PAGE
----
* Public Safety (“Safety is more than police budgets; public safety is also about providing positive opportunities for all. I will fight hard to ensure all of our rec centers, parks and libraries are open and staffed when working families need these resources. … I will grow Saint Paul’s role in ending gender violence by focusing on early violence prevention, police and prosecutor training, and by providing cross-jurisdictional resources where people live.”)
* Public Services (“As a community-elected board member of the Fort Road Federation and a member of the Saint Paul Long Range Capital Improvement Budget Committee, I have worked side by side with other concerned neighbors to successfully advocate for [a long list of nice amenities including a rec center renovation and improvements to the 35E bikeway]… I am an advocate for curbside organics collection.”)
* Safe Streets (“A healthy transportation system for all means more sidewalks and safer crosswalks so that all people feel comfortable walking from their homes to schools and local businesses.” This is also where he stashes his opposition to Grand Ave parking meters.)
So, okay. I guess I’m seeing some differences showing up, at this point.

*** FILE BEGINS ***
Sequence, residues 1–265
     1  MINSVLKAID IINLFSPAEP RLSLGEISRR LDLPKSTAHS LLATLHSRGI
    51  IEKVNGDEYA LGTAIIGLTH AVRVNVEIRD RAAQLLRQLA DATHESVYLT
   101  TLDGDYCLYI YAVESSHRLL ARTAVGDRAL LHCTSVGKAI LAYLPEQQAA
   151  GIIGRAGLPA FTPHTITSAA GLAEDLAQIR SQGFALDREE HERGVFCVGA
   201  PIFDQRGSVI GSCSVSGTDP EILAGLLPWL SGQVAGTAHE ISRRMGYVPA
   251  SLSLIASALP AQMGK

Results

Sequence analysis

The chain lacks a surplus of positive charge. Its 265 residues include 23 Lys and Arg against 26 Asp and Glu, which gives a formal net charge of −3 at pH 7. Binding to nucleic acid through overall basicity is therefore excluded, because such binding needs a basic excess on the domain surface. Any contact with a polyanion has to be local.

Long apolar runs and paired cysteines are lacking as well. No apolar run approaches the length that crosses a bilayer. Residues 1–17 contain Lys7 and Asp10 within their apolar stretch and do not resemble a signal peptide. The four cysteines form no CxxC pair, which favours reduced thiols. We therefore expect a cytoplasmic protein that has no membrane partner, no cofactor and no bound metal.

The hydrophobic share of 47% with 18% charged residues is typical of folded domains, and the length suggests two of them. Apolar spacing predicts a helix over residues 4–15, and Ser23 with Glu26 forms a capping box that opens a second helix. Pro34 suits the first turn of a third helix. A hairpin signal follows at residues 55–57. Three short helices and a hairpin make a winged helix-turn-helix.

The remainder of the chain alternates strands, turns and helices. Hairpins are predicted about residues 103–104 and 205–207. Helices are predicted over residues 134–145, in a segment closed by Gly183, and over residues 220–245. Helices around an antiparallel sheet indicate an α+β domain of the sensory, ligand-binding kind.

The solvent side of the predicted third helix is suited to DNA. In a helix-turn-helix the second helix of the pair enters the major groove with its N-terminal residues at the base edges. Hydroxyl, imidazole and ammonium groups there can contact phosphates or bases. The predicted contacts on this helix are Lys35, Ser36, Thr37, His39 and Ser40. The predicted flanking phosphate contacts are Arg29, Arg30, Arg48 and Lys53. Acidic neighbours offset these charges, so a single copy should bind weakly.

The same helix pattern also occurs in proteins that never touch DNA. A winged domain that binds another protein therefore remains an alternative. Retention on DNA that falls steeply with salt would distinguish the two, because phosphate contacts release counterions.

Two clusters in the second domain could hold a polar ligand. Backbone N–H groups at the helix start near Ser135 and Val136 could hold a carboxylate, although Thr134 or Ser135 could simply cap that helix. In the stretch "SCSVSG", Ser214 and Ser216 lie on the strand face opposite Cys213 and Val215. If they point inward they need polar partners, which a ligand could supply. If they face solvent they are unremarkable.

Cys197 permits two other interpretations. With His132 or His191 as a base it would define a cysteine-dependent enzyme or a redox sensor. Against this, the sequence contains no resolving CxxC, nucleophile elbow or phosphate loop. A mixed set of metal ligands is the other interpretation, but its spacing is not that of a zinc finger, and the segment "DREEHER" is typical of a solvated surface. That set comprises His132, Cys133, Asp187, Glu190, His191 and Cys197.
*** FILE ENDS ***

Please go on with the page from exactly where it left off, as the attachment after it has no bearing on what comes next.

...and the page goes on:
* Both Rebecca and Darren talk about streamlining stuff for businesses opening but Rebecca puts more emphasis on making the city more business-friendly (and gives some good reasons for it, i.e., you can tax them); Darren puts more emphasis on requiring paid sick time, though Rebecca is also a supporter. (I am a big fan of mandatory paid sick time; I think it’s a win/win. I don’t want my sandwich made by an employee who was barfing in the bathroom five minutes ago but can’t go home because he’ll get fired or because he really needs to get paid. I mean, this is just basic epidemiology: if sick people can go home they are a lot less likely to share their germs. It’s also the right thing to do as decent human beings, to make sure people can take time off when they get sick, but even aside from “basic human decency” factors, there is a self-interest element here you’d think would be obvious.) Both support living wage ordinances.